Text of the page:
Back to back mass shootings, hundreds of miles apart -- first in El Paso, Texas, and then less than 15 hours later in Dayton, Ohio -- left at least 29 people dead this weekend, and a nation mourning yet another senseless act of violence while still processing the first.
Twenty people were killed and dozens more injured on Saturday morning in a massacre at an El Paso Walmart that was packed with back-to-school shoppers, making it one of the deadliest mass shootings in U.S. history, officials said. Children were among the victims.
In Dayton, at least nine people were killed and 27 injured in 30 seconds early on Sunday after a gunman wielding an AK-47-style assault rifle opened fire in the city's bustling downtown downtown district, according to police. The shooting suspect's sister was among the victims, according to authorities.
In the wake of the double tragedies, many parents are left grappling with how to explain such incomprehensible violence to their children.
- 1August 4, 2019
Family psychiatrist Dr. Janet E. Taylor told "Good Morning America" she encourages parents to initiate a conversation with their children about the events, saying that it's not only adults who need to be able to process their emotions.
She suggests asking your children open-ended questions, like if they are aware of what happened, and then talking with them about how they're feeling about it.
"Think about our role as parents where we are feeling vulnerable ourselves but it’s our duty to create a safe container for our children," she said. "And by helping them reestablish their safety we also can reestablish our own, because we need a lot of pep talks too."
Ways to spot if your child may be feeling stressed, anxious or angry about the events that unfolded are if you notice changes in their behavior, apprehensiveness about things they normally do, fear about what could happen in safe places such as schools, churches or the mall, or changes in appetite or sleep patterns, according to Taylor.
If you notice something different in their behavior, Taylor recommends talking with them about it.
Sometimes children won't tell their parents what's going on because they don't want to upset them, but Taylor said it's important to tell them that even if you are upset, it's okay for them to talk about what they are feeling.
Being upset, sad, or angry are natural emotions and if kids don't come out and say it and talk about them, they can come out in other ways. If there is fear, acknowledge it, Taylor said.
"Be patient with them. Listen. And then if they need an extra cuddle, now is the time for face to face time," she said. "Turn off those video games. We have to unplug as parents and really pay attention to the non-verbal cues."
Author and educator Rachel Simmons described deciding how much information about a tragedy to share with your child as the "art of parenting."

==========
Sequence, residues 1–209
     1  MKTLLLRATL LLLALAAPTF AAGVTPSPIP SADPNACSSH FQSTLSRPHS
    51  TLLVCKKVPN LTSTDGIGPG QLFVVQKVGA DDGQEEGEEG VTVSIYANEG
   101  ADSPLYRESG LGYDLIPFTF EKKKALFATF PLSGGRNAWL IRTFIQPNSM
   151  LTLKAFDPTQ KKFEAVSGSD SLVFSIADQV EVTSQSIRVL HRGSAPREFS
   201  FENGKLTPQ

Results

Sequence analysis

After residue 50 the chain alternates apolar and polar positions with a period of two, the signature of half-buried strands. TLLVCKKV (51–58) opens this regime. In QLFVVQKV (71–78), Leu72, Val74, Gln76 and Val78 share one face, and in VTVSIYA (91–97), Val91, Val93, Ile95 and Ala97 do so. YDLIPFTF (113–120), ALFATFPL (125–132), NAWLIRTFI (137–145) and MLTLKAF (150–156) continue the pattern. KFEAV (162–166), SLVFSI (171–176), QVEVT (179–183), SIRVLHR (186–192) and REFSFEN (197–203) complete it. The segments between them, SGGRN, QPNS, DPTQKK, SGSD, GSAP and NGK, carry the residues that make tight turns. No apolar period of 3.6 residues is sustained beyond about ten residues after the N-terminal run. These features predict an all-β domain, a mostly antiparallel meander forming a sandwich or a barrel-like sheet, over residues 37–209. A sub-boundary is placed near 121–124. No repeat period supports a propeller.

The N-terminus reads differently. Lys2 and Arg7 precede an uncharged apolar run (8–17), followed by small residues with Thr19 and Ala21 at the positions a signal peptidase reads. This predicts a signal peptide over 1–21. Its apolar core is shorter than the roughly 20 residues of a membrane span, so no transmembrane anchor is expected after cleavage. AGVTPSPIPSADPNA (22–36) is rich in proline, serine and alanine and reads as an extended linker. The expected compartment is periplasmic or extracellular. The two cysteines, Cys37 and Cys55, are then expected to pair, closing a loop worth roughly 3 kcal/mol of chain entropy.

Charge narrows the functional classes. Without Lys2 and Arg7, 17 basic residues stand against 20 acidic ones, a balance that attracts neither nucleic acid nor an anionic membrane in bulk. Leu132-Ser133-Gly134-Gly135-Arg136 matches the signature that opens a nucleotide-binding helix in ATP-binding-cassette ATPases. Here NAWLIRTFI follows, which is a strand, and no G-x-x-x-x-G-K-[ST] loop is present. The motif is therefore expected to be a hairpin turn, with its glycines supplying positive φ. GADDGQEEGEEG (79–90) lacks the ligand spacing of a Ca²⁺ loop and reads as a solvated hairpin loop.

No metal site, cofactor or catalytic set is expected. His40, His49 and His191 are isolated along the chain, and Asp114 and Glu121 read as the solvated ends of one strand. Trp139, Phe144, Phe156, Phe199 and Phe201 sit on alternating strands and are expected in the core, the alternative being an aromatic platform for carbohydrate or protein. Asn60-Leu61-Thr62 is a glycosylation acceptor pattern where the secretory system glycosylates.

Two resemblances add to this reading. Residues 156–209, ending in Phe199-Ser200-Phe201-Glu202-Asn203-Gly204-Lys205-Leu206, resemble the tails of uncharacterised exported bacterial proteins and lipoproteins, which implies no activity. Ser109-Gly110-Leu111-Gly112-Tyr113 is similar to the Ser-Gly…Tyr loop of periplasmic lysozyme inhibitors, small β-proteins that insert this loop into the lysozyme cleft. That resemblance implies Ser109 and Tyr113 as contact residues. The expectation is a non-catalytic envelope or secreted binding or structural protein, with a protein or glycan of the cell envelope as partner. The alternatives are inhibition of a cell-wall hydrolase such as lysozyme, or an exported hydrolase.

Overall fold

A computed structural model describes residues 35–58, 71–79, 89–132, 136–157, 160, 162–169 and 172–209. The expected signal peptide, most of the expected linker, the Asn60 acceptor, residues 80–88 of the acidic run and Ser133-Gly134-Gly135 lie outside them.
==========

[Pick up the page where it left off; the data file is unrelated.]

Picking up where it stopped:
"You don’t want to overwhelm your child with too much information," she said on "GMA." "Ask them what they know because so often kids get misinformation, on the school bus, on the camp bus. You want to find out what they know first."
The way parents respond to incidents like mass shootings is a model for how their children can cope, according to Simmons.
Families are where children learn how to heal, and it's important to give them a safe space to experience everything they might be feeling.
"It’s so important for us to show our feelings in front of our kids," she said. "It’s just as important to do that as it is to look tough because we are cuing our kids about how to cope emotionally. We’re giving our kids guidance on how to feel when a tragedy like this strikes."
Simmons recommends going through ways to deal with anxiety, such as breathing techniques, and modeling it so they can see how to do it.
"You can take a deep breath, count to three, hold it for three and then let it out for three, so it’s nine seconds of breathing in out and breathing out," she said. "Do it three times. They can kind of drop back into their bodies and feel a lot calmer."
If your child develops a fear of their routines, Simmons recommends focusing on what your able to control and assuring them that you are doing everything you can to make sure they are safe.
"The goal is not to stamp out our kids' anxiety," she said. "It's to give them a space where they can feel their feelings and also let them know that we're here holding them and that we're going to take care of them."
'You can't say to your kid, 'I guarantee everything is going to be okay,' but you can say, 'Here are the good people that we know and here is our home and we're safe and we love you and we're going to try every day to be safe together,'" Simmons added.